Encrypted Laptop Stolen While in UseThief takes device from hospice patient's home
Because the records system was on when the laptop was stolen, the encryption was not activated and the thief could have accessed some patient information, a spokesman for Rainbow Hospice and Palliative Care in Park Ridge acknowledges. As a result, the hospice alerted the 999 patients whose information was on the device about the incident.
Under the HITECH Act's Breach Notification Rule's safe harbor, breach incidents involving encrypted data do not have to be reported. But in this case, the theft had to be reported to patients and federal authorities because the stolen device had a records system open, a hospice spokesman says.
In its letter to patients, the hospice offered one year's worth of identity protection through Debix Inc. "to help ease concerns and safeguard our patients from possible misuse of their personal information," according to a statement.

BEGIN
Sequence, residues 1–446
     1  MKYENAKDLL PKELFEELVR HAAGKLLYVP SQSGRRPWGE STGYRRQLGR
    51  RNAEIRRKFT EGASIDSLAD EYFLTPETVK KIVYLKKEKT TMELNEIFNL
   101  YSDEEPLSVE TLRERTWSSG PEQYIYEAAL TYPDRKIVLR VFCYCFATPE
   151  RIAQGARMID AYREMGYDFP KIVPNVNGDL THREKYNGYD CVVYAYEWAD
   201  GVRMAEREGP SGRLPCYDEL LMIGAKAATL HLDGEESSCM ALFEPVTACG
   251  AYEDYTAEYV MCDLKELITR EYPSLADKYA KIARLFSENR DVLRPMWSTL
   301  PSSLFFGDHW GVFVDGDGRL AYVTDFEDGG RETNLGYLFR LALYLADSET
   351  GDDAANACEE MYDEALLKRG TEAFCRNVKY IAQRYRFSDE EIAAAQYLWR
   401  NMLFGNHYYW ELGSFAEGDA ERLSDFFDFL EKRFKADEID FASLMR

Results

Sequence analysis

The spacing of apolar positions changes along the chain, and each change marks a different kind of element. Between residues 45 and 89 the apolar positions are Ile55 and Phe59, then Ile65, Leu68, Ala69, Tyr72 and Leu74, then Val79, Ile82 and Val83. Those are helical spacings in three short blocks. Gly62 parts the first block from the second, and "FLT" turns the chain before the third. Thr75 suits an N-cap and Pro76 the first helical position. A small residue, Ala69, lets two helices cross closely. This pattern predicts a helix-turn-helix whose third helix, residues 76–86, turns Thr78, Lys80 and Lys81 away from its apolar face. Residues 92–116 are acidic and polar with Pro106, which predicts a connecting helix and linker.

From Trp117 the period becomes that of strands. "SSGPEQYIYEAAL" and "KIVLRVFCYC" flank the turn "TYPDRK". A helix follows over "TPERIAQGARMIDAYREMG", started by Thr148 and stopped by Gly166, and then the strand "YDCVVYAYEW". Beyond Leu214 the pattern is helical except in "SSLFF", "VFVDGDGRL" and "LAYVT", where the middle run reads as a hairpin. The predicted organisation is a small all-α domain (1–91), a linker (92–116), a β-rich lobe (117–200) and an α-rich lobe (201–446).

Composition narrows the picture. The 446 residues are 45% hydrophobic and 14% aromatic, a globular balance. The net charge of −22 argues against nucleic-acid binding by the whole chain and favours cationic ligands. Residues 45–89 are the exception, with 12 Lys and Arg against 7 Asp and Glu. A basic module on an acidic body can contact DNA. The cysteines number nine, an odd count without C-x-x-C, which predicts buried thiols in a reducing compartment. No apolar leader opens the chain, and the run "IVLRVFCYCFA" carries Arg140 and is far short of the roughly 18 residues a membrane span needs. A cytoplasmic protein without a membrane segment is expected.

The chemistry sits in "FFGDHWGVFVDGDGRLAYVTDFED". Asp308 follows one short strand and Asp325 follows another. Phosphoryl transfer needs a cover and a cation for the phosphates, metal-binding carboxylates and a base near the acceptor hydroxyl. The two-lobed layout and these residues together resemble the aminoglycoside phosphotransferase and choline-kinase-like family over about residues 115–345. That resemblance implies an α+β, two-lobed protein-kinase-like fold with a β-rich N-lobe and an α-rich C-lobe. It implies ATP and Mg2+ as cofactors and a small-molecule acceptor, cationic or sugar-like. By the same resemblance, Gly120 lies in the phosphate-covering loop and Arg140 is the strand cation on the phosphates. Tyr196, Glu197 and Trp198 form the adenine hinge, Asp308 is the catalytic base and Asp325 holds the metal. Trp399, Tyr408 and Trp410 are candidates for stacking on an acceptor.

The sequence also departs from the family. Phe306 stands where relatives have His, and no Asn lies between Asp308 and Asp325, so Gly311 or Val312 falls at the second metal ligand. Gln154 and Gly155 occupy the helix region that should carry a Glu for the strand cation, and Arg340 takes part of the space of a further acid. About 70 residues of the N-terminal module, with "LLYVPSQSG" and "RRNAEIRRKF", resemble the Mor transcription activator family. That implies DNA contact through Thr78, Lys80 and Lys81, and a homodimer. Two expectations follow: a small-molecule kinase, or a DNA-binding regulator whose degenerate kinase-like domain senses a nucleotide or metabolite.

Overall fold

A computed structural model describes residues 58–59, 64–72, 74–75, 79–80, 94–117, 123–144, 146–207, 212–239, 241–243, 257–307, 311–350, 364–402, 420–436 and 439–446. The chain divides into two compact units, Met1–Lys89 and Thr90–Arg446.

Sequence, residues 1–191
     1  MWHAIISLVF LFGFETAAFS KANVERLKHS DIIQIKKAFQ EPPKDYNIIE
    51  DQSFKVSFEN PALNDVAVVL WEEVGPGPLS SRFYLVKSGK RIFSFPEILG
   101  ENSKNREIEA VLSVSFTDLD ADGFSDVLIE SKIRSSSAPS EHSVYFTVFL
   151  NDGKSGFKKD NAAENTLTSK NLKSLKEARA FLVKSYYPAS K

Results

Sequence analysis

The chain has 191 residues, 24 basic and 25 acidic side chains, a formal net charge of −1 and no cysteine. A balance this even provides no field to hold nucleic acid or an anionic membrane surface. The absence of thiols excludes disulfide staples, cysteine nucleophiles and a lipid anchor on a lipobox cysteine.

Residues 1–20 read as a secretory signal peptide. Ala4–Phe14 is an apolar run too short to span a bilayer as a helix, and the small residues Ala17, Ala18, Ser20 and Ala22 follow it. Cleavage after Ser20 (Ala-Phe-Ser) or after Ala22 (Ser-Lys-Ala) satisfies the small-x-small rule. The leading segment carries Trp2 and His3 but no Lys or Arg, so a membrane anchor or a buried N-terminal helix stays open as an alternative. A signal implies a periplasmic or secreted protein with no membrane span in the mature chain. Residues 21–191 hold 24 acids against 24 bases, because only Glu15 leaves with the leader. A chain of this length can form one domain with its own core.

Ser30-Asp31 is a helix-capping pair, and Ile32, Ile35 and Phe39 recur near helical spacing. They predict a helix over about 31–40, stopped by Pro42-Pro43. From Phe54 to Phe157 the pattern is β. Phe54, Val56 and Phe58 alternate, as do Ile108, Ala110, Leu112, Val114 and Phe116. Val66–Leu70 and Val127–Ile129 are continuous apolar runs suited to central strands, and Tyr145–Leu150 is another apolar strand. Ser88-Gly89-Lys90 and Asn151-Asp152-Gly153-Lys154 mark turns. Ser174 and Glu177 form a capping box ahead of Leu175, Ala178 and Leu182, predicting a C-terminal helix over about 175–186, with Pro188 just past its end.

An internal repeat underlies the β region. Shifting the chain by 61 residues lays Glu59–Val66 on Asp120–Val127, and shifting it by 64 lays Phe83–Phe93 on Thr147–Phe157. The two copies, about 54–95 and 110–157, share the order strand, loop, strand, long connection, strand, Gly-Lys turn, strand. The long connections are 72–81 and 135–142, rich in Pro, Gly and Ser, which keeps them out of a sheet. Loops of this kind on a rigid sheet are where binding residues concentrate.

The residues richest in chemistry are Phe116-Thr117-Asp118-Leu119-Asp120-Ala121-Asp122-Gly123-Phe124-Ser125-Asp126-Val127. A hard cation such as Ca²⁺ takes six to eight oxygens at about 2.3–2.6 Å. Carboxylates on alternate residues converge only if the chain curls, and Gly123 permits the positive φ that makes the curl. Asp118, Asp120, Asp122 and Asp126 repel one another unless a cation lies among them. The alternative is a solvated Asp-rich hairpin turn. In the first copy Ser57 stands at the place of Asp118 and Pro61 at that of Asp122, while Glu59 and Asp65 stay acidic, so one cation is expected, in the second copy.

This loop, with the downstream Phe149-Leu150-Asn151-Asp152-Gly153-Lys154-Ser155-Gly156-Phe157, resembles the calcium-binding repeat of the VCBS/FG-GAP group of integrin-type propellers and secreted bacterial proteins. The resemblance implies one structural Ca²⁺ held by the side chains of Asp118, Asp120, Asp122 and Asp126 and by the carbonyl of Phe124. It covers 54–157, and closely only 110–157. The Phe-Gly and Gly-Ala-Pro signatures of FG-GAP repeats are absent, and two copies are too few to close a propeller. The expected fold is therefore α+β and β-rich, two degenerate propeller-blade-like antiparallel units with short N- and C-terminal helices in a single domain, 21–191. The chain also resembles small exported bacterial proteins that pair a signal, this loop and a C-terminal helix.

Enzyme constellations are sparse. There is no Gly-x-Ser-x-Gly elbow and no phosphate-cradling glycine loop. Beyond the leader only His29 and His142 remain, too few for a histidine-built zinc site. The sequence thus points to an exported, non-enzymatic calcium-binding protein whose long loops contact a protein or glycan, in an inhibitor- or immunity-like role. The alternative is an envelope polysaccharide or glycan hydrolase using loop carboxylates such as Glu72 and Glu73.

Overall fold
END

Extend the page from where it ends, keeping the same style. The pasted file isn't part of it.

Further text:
The hospice and Chicago police, however, have not received any reports of information on the device being used for fraudulent purposes. Once the computer was turned off, the thief would have had to navigate through multiple password protections as well as the encryption system to view data, the hospice spokesman notes.
Data on the laptop included patients' names, addresses, dates of birth, Social Security numbers, insurance information and certain healthcare information.
In addition to encrypting all its laptops using the standard specified in the HITECH Act, the hospice is now increasing password complexity, the spokesman says. It's also installing the LoJack for Laptops theft recovery service from Absolute Software Corp., which can help locate stolen devices.